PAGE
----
And that extreme concentration is largely driven by network effects. Network effects are very strong in biotech. It can be challenging to find seasoned executives, so it’s easier to start and grow a company in an area where there’s a lot more activity in the industry. Geographic proximity promotes serendipity, but the circumstances for serendipitous encounters can be engineered even in an all remote world, right? 

So there are programs such as lunch club and growth club and many of the local and state biotech trade associations that used to have in-person meetings are now having Zoom meetings. The networking interactions that happen are obviously different from those that happened in person, but really, I’m not sure that they’re less efficient. 

Overall in terms of the time that people put into less spontaneous interactions, I think we’re moving slowly as an industry to a world where a much greater proportion of people not only work from home, but work some distance from where their company headquartered and their company may well be headquartered in a room in someone’s house. 

I think it won’t happen immediately, in part because when people have children who are in middle school or high school, and they really put down roots in say greater Boston or something like this, of course, many of those people are not going to want to move. And certainly there are many advantages to living in those hubs, but I do think the greatest hub of the future will be the internet and there will be people who will essentially see their professional lives lived out online.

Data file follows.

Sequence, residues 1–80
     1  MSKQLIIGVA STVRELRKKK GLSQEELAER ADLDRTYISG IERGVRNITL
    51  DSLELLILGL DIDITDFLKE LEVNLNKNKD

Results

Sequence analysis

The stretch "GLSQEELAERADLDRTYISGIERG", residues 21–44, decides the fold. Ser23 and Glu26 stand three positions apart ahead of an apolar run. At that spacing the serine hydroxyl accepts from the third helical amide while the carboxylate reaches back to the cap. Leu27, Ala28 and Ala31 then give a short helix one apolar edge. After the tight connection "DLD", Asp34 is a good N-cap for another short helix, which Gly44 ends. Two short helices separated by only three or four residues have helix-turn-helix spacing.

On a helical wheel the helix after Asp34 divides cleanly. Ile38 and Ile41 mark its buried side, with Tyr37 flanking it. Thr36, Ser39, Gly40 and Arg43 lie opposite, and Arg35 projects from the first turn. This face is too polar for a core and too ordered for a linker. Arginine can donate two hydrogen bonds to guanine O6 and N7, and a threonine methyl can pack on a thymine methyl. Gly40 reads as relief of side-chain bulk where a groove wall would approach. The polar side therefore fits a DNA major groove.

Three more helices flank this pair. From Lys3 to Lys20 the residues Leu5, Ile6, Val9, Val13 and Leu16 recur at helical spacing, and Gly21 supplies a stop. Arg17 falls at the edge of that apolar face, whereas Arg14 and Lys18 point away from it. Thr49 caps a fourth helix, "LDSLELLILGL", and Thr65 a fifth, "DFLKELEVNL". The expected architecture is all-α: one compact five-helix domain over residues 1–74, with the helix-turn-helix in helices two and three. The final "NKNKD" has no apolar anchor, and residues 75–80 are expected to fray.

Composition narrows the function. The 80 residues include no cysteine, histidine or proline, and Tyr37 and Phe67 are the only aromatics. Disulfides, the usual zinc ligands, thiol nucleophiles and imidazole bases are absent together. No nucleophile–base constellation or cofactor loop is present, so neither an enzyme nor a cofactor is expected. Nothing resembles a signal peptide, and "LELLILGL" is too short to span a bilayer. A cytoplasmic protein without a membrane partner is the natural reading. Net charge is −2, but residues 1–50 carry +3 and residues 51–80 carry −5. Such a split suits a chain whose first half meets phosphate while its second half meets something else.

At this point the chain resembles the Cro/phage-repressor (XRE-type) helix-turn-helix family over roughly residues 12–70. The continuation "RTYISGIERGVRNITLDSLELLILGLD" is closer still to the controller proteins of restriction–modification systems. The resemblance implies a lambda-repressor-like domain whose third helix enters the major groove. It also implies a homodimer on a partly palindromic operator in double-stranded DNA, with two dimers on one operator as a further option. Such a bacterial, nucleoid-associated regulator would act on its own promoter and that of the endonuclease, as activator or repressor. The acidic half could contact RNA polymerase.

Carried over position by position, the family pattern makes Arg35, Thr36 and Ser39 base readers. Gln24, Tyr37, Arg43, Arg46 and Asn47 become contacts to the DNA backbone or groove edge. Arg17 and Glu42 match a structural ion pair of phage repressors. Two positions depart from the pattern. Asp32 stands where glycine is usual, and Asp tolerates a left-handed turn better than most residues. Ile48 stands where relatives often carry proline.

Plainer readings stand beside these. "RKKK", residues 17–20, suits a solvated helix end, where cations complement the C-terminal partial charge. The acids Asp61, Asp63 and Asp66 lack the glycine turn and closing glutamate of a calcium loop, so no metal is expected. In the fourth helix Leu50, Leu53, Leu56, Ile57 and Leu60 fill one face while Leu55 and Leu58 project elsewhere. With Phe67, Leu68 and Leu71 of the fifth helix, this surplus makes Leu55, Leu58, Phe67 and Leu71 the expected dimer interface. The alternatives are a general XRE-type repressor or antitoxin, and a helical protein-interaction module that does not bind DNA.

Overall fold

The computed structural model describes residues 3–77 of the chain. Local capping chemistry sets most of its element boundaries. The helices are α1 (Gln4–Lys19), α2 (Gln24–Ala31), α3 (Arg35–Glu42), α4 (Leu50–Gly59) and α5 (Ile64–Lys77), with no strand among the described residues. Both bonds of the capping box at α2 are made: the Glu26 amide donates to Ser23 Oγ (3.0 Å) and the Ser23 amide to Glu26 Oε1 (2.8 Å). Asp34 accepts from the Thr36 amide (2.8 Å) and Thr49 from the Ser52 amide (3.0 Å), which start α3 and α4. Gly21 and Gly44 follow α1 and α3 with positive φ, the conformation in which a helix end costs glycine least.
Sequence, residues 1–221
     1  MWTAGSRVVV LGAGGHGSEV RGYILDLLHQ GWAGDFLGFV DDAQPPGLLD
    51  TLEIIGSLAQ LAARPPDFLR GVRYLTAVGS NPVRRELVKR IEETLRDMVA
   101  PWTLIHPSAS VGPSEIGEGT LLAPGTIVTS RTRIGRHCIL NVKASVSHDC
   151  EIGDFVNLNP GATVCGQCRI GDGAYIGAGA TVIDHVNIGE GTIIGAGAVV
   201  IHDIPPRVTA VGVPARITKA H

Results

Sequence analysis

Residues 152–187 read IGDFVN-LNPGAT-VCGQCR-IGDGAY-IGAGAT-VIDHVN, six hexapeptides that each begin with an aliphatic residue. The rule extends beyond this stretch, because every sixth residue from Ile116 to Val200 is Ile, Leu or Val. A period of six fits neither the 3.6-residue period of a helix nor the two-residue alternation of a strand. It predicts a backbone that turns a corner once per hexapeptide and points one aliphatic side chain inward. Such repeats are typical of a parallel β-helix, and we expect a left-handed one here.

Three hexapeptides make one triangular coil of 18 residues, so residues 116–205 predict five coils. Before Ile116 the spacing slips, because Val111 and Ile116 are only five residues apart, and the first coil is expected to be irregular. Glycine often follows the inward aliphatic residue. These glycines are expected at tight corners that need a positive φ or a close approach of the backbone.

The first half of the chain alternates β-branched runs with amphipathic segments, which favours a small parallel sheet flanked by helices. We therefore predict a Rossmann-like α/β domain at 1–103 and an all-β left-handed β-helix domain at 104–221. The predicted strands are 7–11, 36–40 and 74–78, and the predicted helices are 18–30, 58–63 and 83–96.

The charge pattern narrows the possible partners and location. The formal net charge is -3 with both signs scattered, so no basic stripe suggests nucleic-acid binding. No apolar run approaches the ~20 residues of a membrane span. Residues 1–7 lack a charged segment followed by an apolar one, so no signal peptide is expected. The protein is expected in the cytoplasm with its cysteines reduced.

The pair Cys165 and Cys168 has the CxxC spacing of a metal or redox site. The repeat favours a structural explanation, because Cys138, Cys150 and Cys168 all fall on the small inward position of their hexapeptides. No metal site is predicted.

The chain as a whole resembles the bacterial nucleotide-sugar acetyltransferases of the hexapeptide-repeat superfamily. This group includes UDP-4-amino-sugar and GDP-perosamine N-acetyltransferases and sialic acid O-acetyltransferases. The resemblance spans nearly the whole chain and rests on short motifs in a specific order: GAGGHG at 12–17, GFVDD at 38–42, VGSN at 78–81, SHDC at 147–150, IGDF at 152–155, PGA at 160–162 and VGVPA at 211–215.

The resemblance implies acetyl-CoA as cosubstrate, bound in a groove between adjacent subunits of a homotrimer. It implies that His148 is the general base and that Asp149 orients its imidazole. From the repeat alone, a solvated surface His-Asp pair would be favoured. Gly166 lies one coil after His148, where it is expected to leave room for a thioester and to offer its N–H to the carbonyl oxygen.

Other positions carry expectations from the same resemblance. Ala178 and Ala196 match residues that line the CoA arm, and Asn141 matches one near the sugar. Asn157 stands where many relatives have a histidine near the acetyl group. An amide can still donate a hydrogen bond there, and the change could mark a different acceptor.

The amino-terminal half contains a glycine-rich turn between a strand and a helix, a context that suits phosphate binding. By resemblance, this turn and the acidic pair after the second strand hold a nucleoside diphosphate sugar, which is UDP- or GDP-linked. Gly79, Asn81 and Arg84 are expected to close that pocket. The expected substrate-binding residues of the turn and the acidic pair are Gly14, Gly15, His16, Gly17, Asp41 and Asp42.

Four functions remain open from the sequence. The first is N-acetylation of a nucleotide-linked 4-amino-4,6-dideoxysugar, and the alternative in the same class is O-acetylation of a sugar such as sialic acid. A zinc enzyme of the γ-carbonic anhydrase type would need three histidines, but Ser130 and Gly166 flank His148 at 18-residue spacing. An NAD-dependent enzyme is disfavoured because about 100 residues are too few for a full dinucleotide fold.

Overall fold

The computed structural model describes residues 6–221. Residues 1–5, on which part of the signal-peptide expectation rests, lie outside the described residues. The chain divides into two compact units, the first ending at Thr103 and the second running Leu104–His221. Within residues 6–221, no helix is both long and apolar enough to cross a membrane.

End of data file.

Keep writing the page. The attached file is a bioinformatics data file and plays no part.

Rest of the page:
And this may sound weird for something like biotech, where you may think you need people at the bench. And certainly you do need a lot of people at the bench to bring a product to market, but they don’t necessarily have to be people working for the company to bring the product to market. 

I think another trend that will continue to accelerate in coming years is networks of contract research organizations working with small, nimble virtual biotech companies. And many people will not work for just one small virtual biotech company. They may work for a few. And I think networks will be more important than ever before. 

I think increasingly networks are going to supplant big companies in the space of innovation. Big companies have advantages: they reduce transaction costs. So, if you are at a big pharma company and you want to access expertise in very different areas, you can do that. And you can do that without having to negotiate and sign contracts and so on. 

And that’s great, but there are a lot of inefficiencies you have with large companies that are corrected to some extent with networks of virtual companies and CROs and so on. So you’ll either have people paid to do marginal work in order to have them available or on standby for more important urgent work or you’ll under-hire and bottleneck progress. 

Either of those is a problem. And more importantly, there’s been a lot of work done on how innovation is often stifled in larger companies. Disruptive innovation often requires a lot of work to create a product that is superior to whatever the current state of the art is. And it can be difficult within the context of larger organizations to have that sustained investment that’s required to really bring forward new technologies. 

Looser networks also have an advantage in that it can be difficult for outsiders to know who’s competent and who’s a blowhard. These repeated interactions where someone does great work–you work with them at one company, you work with them at a second company, you work with them at a third company–can really move things along. 

You certainly don’t want to have Google be your port of call for finding all the expertise that’s required to develop a drug. And so I think these distributed networks with distributed companies will become an increasingly important component of the global biotech landscape and that you’ll see a lot more innovation coming out of these types of companies. And none of this is new. I mean, all these organizations exist and a lot’s been said and written about them, but I do think we’ll see a lot more of that.